Limits of detection of regional differences in vasodilated flow in viable myocardium by first-pass magnetic resonance perfusion imaging.

Journal Article (Journal Article)

BACKGROUND: Perfusion imaging techniques intended to identify regional limitations in coronary flow reserve in viable myocardium need to identify 2-fold differences in regional flow during coronary vasodilation consistently. This study evaluated the suitability of current first-pass magnetic resonance approaches for evaluating such differences, which are 1 to 2 orders of magnitude less than in myocardial infarction. METHODS AND RESULTS: Graded regional differences in vasodilated flow were produced in chronically instrumented dogs with either left circumflex (LCx) infusion of adenosine or partial LCx occlusion during global coronary vasodilation. First-pass myocardial signal intensity-time curves were obtained after right atrial injection of gadoteridol (0.025 mmol/kg) with an MRI inversion recovery true-FISP sequence. The area under the initial portion of the LCx curve was compared with that of a curve from a remote area of the ventricle. Relative LCx and remote flows were assessed simultaneously with microspheres. The ratio of LCx and remote MRI curve areas and the ratio of LCx and remote microsphere concentrations were highly correlated and linearly related over a 5-fold range of flow differences (y=0.96 x+/-0.07, P<0.0001, r(2)=0.87). The 95% confidence limits for individual MRI measurements were +/-35%. Regional differences of >/=2-fold were consistently apparent in unprocessed MR images. CONCLUSIONS: Clinically relevant regional reductions in vasodilated flow in viable myocardium can be detected with 95% confidence over the range of 1 to 5 times resting flow. This suggests that MRI can identify and quantify limitations in perfusion reserve that are expected to be produced by stenoses of >/=70%.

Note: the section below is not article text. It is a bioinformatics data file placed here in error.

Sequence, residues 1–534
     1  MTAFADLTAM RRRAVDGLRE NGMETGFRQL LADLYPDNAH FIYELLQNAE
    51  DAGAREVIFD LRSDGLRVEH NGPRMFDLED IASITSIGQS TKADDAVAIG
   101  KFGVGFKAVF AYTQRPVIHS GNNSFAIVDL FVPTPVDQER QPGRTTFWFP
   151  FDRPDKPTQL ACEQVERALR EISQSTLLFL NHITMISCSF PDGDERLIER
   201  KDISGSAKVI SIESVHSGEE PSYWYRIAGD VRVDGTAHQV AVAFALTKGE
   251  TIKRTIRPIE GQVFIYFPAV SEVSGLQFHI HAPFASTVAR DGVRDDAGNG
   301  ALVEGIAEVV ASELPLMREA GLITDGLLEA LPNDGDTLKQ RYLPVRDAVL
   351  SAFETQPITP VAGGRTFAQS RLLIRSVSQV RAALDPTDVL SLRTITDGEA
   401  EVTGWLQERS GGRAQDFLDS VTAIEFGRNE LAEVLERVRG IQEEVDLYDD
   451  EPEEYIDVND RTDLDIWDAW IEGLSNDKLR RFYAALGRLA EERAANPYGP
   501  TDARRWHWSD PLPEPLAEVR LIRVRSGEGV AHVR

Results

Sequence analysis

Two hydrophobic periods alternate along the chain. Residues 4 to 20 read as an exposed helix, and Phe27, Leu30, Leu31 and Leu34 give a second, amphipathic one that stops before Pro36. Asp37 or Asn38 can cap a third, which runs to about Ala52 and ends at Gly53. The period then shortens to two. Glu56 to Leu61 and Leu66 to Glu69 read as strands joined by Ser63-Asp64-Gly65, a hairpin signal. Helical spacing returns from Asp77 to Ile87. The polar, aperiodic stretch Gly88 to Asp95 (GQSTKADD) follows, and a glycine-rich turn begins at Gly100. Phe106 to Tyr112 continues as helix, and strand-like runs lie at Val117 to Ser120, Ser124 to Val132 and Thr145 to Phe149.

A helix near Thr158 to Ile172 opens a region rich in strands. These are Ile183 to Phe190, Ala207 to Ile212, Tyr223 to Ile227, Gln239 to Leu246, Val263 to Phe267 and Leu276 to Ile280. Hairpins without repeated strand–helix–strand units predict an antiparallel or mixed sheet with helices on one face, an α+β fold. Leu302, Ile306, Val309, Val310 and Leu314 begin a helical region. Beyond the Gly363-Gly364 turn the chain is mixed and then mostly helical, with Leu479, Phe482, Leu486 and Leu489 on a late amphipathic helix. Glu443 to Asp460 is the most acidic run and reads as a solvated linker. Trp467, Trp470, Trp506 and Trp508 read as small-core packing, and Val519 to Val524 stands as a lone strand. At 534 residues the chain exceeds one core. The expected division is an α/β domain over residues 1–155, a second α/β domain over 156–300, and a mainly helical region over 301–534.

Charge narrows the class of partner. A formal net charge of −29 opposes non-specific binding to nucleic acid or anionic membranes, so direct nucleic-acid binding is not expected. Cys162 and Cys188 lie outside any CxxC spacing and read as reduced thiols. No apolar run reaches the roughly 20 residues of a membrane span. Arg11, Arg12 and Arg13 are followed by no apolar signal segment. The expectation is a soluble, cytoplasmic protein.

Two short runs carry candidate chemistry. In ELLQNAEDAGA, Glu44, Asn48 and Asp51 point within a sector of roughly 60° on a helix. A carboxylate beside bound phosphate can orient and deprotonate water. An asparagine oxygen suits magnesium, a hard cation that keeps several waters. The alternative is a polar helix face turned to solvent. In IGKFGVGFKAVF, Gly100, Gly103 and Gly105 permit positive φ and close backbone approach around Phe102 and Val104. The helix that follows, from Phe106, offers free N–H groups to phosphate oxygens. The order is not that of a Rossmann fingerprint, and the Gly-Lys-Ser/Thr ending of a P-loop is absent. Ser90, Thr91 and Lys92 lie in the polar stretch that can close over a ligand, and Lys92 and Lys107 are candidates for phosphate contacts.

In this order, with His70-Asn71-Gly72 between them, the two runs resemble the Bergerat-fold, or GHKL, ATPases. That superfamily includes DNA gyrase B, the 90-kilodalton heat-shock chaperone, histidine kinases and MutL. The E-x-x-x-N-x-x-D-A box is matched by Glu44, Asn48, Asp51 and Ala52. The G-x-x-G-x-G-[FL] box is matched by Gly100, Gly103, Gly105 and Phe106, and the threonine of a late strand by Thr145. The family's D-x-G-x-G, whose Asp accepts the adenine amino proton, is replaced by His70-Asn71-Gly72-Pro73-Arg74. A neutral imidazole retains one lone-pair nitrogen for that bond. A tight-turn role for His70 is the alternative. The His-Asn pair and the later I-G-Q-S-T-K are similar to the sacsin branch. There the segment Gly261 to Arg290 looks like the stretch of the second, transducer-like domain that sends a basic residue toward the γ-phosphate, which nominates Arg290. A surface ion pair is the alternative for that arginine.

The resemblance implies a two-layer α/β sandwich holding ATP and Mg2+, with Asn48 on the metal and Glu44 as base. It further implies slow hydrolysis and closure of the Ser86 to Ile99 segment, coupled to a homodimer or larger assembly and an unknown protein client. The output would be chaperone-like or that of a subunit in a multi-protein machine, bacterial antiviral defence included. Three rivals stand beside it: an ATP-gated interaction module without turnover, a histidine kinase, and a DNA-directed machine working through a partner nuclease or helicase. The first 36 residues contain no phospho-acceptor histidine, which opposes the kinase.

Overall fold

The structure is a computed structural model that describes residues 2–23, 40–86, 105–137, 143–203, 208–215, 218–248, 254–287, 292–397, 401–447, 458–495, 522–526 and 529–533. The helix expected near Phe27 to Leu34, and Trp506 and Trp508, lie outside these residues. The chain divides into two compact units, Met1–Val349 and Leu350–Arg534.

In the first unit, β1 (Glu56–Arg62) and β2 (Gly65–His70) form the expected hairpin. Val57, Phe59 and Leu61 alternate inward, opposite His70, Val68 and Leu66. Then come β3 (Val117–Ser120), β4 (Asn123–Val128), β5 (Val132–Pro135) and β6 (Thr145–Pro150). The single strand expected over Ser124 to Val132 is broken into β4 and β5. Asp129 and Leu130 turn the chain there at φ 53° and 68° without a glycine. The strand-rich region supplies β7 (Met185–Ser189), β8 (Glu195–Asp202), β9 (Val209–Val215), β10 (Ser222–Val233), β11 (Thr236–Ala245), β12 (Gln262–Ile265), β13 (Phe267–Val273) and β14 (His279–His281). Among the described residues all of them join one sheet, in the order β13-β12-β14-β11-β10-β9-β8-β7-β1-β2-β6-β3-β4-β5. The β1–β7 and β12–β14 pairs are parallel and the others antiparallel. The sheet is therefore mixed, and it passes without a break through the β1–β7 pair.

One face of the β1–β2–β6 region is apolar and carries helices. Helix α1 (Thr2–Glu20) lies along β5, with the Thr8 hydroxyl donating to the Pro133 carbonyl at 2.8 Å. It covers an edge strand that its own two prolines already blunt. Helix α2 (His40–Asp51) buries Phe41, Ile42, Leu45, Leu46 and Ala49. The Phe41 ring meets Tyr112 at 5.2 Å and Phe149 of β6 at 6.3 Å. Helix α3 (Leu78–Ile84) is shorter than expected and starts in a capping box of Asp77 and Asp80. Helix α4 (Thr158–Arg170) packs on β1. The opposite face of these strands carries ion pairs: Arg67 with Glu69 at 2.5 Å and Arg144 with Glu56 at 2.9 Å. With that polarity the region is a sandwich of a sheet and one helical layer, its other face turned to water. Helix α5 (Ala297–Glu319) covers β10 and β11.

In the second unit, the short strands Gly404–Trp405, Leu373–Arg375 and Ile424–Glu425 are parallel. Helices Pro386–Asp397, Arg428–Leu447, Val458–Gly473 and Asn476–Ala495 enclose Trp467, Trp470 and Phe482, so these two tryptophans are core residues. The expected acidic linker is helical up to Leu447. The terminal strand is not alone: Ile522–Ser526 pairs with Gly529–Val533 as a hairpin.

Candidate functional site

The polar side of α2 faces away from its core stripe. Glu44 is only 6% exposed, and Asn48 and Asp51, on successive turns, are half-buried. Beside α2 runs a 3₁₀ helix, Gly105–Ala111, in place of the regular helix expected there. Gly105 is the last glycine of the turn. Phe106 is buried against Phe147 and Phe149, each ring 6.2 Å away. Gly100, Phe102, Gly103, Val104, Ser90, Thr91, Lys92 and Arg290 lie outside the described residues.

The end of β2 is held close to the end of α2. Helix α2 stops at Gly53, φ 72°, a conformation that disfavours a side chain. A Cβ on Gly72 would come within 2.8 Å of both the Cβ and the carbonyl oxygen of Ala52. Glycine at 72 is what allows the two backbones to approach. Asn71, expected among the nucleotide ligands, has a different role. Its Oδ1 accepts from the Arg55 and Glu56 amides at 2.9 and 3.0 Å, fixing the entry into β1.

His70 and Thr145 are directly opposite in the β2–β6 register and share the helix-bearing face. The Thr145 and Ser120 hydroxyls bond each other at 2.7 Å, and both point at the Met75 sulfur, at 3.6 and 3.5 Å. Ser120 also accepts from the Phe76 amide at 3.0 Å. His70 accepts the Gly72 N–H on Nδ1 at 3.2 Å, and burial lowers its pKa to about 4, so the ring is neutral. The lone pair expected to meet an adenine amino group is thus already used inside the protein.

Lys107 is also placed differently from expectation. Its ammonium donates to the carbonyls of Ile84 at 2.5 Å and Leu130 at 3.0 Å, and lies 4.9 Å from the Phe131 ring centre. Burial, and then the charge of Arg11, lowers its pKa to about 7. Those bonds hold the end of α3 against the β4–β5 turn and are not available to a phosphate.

Full Text

Duke Authors

Cited Authors

  • Klocke, FJ; Simonetti, OP; Judd, RM; Kim, RJ; Harris, KR; Hedjbeli, S; Fieno, DS; Miller, S; Chen, V; Parker, MA

Published Date

  • November 13, 2001

Published In

Volume / Issue

  • 104 / 20

Start / End Page

  • 2412 - 2416

PubMed ID

  • 11705817

Electronic International Standard Serial Number (EISSN)

  • 1524-4539

Digital Object Identifier (DOI)

  • 10.1161/hc4501.099306


  • eng

Conference Location

  • United States